Guardian: Court order that allows NSA surveillance is revealed for first time - 11/18Submitted by barracuda_trader on Tue, 11/19/2013 - 03:08
The NSA's metadata trawl was approved by a judge who felt the agency was asking for 'exceptionally broad' permission to tap into electronic communications. Photograph: Oliver Berg/dpa/Corbis
A secret court order that authorised a massive trawl by the National Security Agency of Americans' email and internet data was published for the first time on Monday night, among a trove of documents that also revealed a judge's concern that the NSA "continuously" and "systematically" violated the limits placed on the program.
The order by the Fisa court, almost certainly its first ruling on the controversial program and published only in heavily redacted form, shows that it granted permisson for the trawl in part beacause of the type of devices used for the surveillance. Even the judge approving the spying called it a “novel use” of government authorities.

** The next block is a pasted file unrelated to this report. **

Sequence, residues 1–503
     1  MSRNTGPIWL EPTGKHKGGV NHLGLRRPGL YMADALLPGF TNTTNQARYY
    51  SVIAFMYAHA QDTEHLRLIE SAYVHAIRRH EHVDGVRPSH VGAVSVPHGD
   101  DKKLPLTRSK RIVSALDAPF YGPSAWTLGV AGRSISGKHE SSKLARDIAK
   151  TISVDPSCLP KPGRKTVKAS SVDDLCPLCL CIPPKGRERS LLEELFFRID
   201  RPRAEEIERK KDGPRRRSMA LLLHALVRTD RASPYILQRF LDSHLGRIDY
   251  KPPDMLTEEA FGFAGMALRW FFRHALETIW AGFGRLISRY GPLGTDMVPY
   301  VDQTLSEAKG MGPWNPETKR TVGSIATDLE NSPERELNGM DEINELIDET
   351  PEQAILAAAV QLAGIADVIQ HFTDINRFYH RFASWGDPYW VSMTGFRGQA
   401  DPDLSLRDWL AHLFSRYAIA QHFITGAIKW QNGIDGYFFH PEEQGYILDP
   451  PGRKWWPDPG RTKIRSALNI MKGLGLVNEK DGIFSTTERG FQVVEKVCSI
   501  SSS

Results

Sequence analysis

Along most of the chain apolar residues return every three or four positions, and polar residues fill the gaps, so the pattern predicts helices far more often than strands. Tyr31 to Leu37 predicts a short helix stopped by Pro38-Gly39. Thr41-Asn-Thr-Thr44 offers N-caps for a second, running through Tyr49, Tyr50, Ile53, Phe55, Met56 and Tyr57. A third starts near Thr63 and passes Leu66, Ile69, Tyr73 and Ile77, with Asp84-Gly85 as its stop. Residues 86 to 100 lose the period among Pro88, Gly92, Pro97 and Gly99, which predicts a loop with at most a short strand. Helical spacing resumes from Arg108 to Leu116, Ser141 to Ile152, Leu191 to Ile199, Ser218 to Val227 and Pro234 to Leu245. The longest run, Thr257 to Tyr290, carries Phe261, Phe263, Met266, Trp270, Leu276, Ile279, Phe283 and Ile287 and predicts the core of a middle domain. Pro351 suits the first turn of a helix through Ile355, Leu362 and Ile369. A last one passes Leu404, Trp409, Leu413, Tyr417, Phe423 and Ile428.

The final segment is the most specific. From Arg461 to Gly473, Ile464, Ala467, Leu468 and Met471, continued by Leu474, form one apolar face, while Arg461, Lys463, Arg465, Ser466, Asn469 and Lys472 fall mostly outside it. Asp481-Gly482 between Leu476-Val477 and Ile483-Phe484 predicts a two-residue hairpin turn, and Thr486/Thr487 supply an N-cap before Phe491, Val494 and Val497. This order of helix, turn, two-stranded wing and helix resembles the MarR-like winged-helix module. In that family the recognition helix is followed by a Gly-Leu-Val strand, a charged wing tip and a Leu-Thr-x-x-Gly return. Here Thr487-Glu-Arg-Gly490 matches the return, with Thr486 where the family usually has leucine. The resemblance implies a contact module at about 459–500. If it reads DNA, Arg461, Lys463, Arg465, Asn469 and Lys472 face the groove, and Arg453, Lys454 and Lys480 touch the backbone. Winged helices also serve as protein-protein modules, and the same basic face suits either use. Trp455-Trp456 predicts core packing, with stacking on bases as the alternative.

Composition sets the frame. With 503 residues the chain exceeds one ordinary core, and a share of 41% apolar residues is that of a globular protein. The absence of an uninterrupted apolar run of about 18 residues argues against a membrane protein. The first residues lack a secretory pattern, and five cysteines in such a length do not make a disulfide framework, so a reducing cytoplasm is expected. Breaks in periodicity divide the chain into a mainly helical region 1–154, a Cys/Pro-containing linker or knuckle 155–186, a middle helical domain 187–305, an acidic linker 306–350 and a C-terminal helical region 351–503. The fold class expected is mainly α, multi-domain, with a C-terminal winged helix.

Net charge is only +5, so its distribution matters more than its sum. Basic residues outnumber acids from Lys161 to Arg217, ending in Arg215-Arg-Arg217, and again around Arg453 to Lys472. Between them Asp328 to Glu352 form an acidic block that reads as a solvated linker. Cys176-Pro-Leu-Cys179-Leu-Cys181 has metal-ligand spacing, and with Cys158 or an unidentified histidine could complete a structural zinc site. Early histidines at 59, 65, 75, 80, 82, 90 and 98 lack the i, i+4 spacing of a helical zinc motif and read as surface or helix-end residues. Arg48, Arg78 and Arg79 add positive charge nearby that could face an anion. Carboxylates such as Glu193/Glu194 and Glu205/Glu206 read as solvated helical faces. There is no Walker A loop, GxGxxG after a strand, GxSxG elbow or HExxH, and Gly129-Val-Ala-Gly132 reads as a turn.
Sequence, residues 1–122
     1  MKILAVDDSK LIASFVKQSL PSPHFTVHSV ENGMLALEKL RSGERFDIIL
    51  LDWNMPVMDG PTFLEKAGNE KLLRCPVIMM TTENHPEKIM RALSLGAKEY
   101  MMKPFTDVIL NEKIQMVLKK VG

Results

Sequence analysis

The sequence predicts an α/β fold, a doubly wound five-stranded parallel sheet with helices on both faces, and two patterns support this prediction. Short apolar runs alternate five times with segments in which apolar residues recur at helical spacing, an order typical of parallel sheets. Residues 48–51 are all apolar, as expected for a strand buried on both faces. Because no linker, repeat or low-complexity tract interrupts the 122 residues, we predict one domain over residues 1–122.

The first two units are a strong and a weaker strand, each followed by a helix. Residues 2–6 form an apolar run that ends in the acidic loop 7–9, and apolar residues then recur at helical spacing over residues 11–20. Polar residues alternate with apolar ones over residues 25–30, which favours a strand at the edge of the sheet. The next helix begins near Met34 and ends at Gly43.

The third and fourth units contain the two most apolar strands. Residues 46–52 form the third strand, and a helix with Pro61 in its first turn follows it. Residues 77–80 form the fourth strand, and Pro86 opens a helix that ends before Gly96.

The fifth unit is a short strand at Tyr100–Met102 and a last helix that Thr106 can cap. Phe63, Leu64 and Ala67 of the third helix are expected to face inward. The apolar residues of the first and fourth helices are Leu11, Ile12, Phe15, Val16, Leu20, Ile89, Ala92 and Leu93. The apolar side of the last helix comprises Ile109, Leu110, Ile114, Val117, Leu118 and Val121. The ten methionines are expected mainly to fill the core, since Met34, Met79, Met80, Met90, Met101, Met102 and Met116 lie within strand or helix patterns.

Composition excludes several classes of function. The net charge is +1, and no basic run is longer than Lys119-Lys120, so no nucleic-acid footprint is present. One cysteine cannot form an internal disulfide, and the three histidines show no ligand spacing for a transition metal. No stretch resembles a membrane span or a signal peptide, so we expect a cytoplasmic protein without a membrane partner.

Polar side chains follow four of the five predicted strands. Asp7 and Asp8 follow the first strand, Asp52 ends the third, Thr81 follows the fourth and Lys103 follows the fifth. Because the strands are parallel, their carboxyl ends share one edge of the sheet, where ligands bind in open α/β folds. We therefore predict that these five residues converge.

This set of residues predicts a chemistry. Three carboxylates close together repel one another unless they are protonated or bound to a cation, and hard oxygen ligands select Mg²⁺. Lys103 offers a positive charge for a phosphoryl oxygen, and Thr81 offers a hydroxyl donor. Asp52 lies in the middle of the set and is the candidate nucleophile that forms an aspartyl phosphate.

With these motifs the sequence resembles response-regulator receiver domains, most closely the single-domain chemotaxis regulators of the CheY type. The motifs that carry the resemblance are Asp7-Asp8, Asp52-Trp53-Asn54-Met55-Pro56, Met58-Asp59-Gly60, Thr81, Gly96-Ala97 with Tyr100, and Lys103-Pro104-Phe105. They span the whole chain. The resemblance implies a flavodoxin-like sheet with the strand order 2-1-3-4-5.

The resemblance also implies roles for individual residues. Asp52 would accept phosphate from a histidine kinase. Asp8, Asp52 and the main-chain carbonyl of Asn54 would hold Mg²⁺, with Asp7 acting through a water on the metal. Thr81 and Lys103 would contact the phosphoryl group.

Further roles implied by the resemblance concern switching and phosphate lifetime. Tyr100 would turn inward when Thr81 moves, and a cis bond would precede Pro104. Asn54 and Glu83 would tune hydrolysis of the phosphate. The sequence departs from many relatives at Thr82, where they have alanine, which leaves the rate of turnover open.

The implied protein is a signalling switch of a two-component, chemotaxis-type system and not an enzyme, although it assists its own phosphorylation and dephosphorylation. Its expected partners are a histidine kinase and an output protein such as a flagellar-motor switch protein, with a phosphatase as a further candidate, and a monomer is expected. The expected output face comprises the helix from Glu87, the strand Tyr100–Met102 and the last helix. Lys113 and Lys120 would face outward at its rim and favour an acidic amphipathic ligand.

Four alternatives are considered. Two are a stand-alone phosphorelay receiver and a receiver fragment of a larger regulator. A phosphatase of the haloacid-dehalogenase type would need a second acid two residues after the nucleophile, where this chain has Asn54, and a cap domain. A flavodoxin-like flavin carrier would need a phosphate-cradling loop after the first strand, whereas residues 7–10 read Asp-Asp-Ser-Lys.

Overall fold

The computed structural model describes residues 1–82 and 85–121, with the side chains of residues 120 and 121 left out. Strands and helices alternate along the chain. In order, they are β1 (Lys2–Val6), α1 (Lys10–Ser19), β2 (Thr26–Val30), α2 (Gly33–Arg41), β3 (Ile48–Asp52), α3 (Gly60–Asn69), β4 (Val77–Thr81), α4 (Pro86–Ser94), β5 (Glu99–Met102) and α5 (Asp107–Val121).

Another later court order found that what it called "systemic overcollection" had taken place.
Transparency lawsuits brought by civil liberties groups compelled the US spy agencies on Monday night to shed new light on the highly controversial program, whose discontinuation in 2011 for unclear reasons was first reported by the Guardian based on leaks by the former NSA contractor Edward Snowden.